Re: [R] Making a markov transition matrix

From: <Bill.Venables_at_csiro.au>
Date: Sun 22 Jan 2006 - 22:51:09 EST


That solution for the case 'with gaps' merely omits transitions where the transition information is not for a single time step. (Mine can be modified for this as well - see below.)

But if you know that a firm went from state i in year y to state j in year y+3, say, without knowing the intermediate states, that must tell you something about the 1-step transition matrix as well. How do you use this information?

That's a much more difficult problem but you can do it using maximum likelihood, e.g. You think about how to calculate the likelihood function - and then to optimise it. This is getting a bit away from the original 'programming trick' question, but it is an interesting problem that occurs more often than I had realised. I'd be interested in knowing if anyone had done anything slick in this area.

Bill Venables.

-----Original Message-----
From: Ajay Narottam Shah [mailto:ajayshah@mayin.org] Sent: Sunday, 22 January 2006 5:15 PM
To: R-help
Cc: jholtman@gmail.com; Venables, Bill (CMIS, Cleveland) Subject: Re: [R] Making a markov transition matrix

On Sun, Jan 22, 2006 at 01:47:00PM +1100, Bill.Venables@csiro.au wrote:
> If this is a real problem, here is a slightly tidier version of the
> function I gave on R-help:
>
> transitionM <- function(name, year, state) {
> raw <- data.frame(name = name, state = state)[order(name, year), ]
> raw01 <- subset(data.frame(raw[-nrow(raw), ], raw[-1, ]),
> name == name.1)
> with(raw01, table(state, state.1))
> }

To modify this solution for the 'with gaps' case, omitting multiple step transitions, you need to include the year in the 'raw' data frame and then just change the subset condition to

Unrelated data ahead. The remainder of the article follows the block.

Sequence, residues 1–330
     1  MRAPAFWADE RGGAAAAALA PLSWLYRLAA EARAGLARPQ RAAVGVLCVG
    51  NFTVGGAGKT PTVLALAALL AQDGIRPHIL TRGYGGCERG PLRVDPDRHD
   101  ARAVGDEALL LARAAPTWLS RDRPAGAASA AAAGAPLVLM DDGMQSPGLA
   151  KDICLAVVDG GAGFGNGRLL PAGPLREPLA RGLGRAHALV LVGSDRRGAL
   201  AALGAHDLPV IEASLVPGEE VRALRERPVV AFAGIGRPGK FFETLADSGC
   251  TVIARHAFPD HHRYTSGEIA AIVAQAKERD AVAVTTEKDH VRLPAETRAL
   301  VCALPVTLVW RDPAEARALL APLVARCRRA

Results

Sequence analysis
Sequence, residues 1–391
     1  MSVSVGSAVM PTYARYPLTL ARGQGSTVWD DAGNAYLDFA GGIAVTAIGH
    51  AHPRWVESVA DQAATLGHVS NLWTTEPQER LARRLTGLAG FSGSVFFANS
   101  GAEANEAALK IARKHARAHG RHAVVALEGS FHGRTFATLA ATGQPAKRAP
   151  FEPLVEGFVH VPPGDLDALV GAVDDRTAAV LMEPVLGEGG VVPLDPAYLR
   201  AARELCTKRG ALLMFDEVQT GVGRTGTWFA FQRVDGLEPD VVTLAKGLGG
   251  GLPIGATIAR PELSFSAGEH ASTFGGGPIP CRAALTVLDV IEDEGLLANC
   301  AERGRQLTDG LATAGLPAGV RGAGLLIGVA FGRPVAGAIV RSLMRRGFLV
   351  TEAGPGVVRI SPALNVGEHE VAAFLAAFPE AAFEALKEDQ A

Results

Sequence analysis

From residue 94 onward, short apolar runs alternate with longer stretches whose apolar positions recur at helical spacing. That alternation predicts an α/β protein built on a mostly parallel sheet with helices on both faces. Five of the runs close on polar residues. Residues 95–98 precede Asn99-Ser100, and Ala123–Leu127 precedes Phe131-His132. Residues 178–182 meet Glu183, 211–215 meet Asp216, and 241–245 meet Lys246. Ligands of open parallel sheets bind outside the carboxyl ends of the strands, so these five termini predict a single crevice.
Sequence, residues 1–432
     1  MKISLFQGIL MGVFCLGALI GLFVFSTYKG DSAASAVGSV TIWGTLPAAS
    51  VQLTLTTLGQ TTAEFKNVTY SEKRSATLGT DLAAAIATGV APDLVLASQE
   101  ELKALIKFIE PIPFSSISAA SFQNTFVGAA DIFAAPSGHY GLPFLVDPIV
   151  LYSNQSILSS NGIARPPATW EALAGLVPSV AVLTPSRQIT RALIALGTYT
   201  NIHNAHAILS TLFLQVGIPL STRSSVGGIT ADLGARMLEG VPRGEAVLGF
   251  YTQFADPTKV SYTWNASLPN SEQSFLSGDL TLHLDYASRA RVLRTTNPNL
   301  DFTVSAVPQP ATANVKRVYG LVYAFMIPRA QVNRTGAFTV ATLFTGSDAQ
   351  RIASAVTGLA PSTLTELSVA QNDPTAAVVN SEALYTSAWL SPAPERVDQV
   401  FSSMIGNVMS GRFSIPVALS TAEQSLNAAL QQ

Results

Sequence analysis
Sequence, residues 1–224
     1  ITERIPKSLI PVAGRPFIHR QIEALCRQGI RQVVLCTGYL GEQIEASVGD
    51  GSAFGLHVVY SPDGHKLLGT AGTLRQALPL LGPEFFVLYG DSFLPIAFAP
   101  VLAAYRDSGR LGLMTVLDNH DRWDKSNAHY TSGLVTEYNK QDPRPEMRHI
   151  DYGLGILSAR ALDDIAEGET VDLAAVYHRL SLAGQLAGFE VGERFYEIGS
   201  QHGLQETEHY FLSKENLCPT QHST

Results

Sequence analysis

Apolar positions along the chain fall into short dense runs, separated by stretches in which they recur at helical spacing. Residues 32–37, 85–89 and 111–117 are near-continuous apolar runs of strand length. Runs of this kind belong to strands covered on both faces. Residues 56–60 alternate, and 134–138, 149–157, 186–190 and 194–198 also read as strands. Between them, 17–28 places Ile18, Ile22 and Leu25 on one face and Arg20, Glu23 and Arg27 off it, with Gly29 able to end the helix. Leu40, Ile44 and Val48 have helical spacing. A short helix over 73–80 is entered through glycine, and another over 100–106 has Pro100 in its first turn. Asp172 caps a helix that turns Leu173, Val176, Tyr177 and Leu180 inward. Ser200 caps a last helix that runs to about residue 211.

name == name.1 & year == year.1 - 1

>
> Notice that this does assume there are 'no gaps' in the time series
> within firms, but it does not require that each firm have responses
for
> the same set of years.
>
> Estimating the transition probability matrix when there are gaps
within
> firms is a more interesting problem, both statistically and, when you
> figure that out, computationally.

With help from Gabor, here's my best effort. It should work even if there are gaps in the timeseries within firms, and it allows different firms to have responses in different years. It is wrapped up as a function which eats a data frame. Somebody should put this function into Hmisc or gtools or something of the sort.

# Problem statement:
#
# You are holding a dataset where firms are observed for a fixed
# (and small) set of years. The data is in "long" format - one
# record for one firm for one point in time. A state variable is
# observed (a factor).
# You wish to make a markov transition matrix about the time-series
# evolution of that state variable.

set.seed(1001)

# Raw data in long format --
raw <- data.frame(name=c("f1","f1","f1","f1","f2","f2","f2","f2"),

                  year=c(83,   84,  85,  86,  83,  84,  85,  86),
                  state=sample(1:3, 8, replace=TRUE)
                  )

transition.probabilities <- function(D, timevar="year",
                                     idvar="name", statevar="state") {
  merged <- merge(D, cbind(nextt=D[,timevar] + 1, D),
	by.x = c(timevar, idvar), by.y = c("nextt", idvar))
  t(table(merged[, grep(statevar, names(merged), value = TRUE)])) }

transition.probabilities(raw, timevar="year", idvar="name", statevar="state")

-- 
Ajay Shah
http://www.mayin.org/ajayshah  
ajayshah@mayin.org
http://ajayshahblog.blogspot.com
<*(:-? - wizard who doesn't know the answer.

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Received on Sun Jan 22 22:59:02 2006

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